A Lunar “Tablespoonful”

“In the broad, flat lunar maria, or ‘seas’ (such as Mare Tranquillitatis, the site of the Apollo 11 manned landing), the depths of craters that have reached bedrock indicate a regolith thickness of from five to 10 meters. Thus the Apollo 11 astronauts Neil A. Armstrong and Edwin E. Aldrin, Jr., did not come within several meters of solid rock at Tranquillity Base, and the geology picks they had brought along for the purpose of chipping specimens off outcrops were superfluous. They stood and walked on top of the regolith, and the lunar sample they returned was collected, with scoop and tongs, from this layer of rock debris. Our own group at the Smithsonian Institution Astrophysical Observatory has been working with 16 grams (about a tablespoonful) of the soil. —John A. Wood”


The Mango Bears Fruit

“The U.S. Department of Agriculture has secured through its agricultural explorers and by exchange with the British East Indian departments of agriculture one of the largest collection of mango varieties in the world, and now has in fruit, at its plant introduction station at Miami, Fla., about 20 varieties. It is said that these selected varieties strikingly belie the many unkind things that have been said about the mango. Some of them have hardly more fiber in them than a freestone peach, and can be cut open lengthwise and eaten as easily with a spoon as a cantaloupe.”

Schools and the Army

“The National Research Council announces that the mental tests which were used with striking success in the Army during the war are to be used on a large scale in American public schools. A program of group tests has been worked out which will make it possible to conduct wholesale surveys of schools annually, or even semiannually, so that grade classification and individual educational treatment can be adjusted with desirable frequency.”


Of Toadstools and Whales

“It is a simple matter of fact and of every day observation that all forms of animal work are the result of the reception and assimilation of a few cubic feet of oxygen, a few ounces of water, of starch, of fat, and of flesh. In a chemical point of view man may be defined to be something of this sort. That great authority, Professor [Thomas] Huxley, has lately been discussing what he calls ‘protoplasm, or ‘the physical basis of life.’ He seeks for that community of faculty which exists between the mossy, rock-incrusted lichen, and the painter or botanist that studies it. Professor Huxley has not proved, and it is impossible for him to prove, that these protoplasms may not have essential points of difference. Physiologists cannot yet tell us how it is that ‘of four cells absolutely identical in organic structure and composition, one will grow into Socrates, another into a toadstool, one into a cockchafer, another into a whale.’”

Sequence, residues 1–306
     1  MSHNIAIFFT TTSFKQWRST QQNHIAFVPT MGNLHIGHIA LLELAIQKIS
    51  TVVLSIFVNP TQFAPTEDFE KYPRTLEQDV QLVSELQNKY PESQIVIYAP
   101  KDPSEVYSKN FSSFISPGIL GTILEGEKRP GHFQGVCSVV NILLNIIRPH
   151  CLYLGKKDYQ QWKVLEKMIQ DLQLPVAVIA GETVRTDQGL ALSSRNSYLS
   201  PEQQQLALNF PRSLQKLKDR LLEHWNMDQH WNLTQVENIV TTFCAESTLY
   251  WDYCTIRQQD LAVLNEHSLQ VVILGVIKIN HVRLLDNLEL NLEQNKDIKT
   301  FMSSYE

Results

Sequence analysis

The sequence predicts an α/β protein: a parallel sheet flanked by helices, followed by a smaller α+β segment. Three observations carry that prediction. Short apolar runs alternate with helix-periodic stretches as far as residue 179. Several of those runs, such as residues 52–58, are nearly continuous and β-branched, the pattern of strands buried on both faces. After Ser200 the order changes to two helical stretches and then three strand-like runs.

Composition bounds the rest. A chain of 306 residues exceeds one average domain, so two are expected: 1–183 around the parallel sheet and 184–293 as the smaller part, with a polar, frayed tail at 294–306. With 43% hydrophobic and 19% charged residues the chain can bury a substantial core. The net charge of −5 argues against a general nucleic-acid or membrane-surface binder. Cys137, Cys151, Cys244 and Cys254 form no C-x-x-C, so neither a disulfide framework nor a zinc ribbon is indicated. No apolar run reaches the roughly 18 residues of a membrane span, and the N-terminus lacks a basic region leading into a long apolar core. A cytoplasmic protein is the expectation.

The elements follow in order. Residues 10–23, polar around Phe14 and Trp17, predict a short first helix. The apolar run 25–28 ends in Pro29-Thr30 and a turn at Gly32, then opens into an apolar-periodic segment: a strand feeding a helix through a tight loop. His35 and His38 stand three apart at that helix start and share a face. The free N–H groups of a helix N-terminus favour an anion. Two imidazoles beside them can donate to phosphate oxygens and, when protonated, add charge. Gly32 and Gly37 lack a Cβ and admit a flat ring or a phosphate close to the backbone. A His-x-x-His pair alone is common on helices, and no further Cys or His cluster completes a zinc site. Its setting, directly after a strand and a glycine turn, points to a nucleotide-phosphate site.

Space Exploration

1915: This cover imagined what the surface of Saturn’s moon Titan would look like. Ninety years later the Huygens probe touched down on Titan and sent back images of the actual landscape. Credit: Scientific American, Vol. CXII, No. 12; March 20, 1915

Planets and stars are as much a product of “nature’s laboratory” as Homo sapiens. And while our species examines the information gleaned from the universe that surrounds us, we also have an emotional sense of wonder at revealing the secrets of nature and our place within it. (This magazine may tend to leave emotion to neuroscience, as our focus is on scientific data—but we also publish poetry.) From the invention of the first telescope in 1608 to the discovery of the Milky Way galaxy’s place in Laniakea—a great river of galaxies streaming toward a giant hidden gravity source—our exploration of the universe so far follows a trend: we explore with instruments and with our imaginations. And one day we will go ourselves, leaving our footprints across the universe. —D.S.